4.1 Superpower Geographies
4.1.1 What is a superpower?
Superpowers are countries with disproportionate power and influence so that they have more than the rest of the world and thus are the biggest decision makers. Superpowers are usually large countries in terms of population and physical extent. Physical size may provide a natural resource base that the superpower can thus exploit and draw on to develop their power and influence further. These countries have global influence with the world as their backyards, and other countries treat them with respect in the face of such power. Currently, there is only one true superpower – the USA.
The table below highlights the USA in comparison with the rest of the world in 2008 (since grown):
Rest of the World
USA as a % of the world
Number of the world’s 2000 largest TNCs
Carbon dioxide emissions
6 billion tonnes
27 billion tonnes
“a superpower must be able to conduct a global strategy… to command vast economic potential and influence and present a universal ideology” (Professor Paul Dukes, University of Aberdeen)
The definition emphasises:
The global nature of superpower status
The economic power of superpowers
The political and cultural viewpoint or vision/ideology that a superpower projects on the world
Superpowers have economic, cultural and military power resulting in global political influence. Other types of powers may not be as influential and do not dictate decisions:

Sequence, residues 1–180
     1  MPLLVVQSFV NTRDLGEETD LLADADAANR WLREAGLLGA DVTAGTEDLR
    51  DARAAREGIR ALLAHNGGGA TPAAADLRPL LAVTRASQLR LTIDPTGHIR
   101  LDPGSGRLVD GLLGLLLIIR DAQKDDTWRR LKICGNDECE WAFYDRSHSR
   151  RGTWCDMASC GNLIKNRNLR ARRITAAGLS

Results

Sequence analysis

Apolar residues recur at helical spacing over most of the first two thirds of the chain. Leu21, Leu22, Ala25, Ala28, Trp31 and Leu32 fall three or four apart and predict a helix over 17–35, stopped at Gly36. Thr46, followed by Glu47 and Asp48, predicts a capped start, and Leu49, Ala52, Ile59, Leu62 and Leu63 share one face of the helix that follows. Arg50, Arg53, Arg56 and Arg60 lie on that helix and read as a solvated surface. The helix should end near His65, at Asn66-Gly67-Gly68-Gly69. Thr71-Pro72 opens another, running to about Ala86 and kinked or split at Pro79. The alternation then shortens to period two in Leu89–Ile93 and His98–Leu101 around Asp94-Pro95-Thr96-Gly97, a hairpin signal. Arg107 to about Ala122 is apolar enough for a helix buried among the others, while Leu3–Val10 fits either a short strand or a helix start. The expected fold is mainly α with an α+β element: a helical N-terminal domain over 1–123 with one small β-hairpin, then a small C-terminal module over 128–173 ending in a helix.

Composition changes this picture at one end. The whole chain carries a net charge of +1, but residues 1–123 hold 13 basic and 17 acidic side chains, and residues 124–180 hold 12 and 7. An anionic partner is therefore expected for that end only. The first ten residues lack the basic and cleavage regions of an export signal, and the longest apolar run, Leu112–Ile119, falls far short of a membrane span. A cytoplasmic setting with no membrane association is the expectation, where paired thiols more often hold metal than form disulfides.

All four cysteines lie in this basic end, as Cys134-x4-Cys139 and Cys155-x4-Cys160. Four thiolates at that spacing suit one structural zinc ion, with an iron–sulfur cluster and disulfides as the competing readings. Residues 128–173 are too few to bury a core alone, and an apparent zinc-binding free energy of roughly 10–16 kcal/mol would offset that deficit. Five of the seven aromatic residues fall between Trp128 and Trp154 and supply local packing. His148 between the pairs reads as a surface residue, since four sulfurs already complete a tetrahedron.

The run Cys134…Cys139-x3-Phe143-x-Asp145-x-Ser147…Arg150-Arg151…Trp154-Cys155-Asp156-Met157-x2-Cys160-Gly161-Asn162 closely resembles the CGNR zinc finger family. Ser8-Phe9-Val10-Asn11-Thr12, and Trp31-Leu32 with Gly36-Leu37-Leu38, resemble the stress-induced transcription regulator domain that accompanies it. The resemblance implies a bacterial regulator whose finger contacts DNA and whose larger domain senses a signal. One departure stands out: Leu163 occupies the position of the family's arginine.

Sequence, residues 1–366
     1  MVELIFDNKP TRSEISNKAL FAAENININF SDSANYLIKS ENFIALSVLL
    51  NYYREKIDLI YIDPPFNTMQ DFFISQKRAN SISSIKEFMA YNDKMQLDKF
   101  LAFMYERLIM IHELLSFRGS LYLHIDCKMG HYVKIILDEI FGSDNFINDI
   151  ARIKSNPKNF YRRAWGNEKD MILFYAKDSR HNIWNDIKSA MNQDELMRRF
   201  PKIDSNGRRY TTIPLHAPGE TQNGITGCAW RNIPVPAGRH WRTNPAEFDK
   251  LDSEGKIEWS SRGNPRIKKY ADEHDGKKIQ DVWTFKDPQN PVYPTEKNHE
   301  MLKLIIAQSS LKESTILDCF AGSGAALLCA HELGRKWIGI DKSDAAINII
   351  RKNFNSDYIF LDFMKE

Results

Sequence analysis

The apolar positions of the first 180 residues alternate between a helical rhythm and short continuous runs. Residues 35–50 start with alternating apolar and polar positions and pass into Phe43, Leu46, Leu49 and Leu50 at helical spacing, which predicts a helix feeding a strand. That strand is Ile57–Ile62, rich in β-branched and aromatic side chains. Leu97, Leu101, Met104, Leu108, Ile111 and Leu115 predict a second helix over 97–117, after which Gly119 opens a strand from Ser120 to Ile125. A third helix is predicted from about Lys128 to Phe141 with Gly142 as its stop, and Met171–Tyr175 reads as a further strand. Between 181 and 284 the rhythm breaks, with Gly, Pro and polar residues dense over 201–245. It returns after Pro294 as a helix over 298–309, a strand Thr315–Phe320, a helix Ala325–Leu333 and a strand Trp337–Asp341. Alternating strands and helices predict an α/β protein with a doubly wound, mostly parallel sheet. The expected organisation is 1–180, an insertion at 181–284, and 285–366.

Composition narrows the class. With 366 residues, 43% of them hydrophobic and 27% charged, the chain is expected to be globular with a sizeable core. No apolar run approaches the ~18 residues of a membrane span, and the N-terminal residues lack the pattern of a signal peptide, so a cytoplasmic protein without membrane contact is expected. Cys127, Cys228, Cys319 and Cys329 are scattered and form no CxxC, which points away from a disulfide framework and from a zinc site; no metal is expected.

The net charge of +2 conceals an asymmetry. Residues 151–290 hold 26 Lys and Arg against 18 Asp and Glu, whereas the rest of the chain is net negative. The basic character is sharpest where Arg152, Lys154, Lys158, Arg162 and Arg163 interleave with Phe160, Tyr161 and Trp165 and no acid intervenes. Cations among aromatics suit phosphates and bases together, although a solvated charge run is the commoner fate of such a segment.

1. Emerging superpowers – these have a growing influence, e.g. China. China has a growing economy and military power but less cultural influence than the americanisation and westernisation influence of the USA. The EU has considerable power, but EU decisions and policies are often compromises because they must be the collective view of 27 member states
2. Emerging powers – these are further away from superpower status. They include a re-emerging Russia, India, arguably Brazil, and the Persian Gulf States. These have powerful resources such as energy, but not an entire set of influential factors required
3. Regional powers –these play an important role in economic and political processes on their continent –e.g. south Africa and Japan
4.1.2 Maintaining power
International influence has to be maintained. Superpowers do this using different mechanisms, some of which are hard (overt) and some of which are soft (more subtle).
Superpowers use hard power mechanisms because these are the most obvious and threatening. The USA has an enormous military reach around the world giving it more military power than any other nation. Its military are present on every continent except Antarctica (but the USA has kept a permanently manned scientific base at the south pole since 1957 and in 2003 opened a new $150million base, reinforcing it’s superpower credentials). The NATO military alliance provides the USA with allies in North America (Canada), Europe and the Middle East. NATO was important during the Cold War period when the USSR was considered the USA’s superpower enemy over the possession of nuclear firearms.
4.1.3 Changing Geographies
The geography of superpowers changes over time as old superpowers decline and new ones emerge. The number of superpowers in existence at any one time can also change:
A uni-polar world is one dominated by one superpower
Bi-polar world is one where two opposing superpowers exist
Multi-polar world is one with three or more superpowers
The UK is the dominant global power, at one point controlling around 25% of the land area of the world
Increasing power in the USA and Russia, the rise of Nazi-Germany and the maintenance of the power of the British empire; arguably a multi-polar period
USA and USSR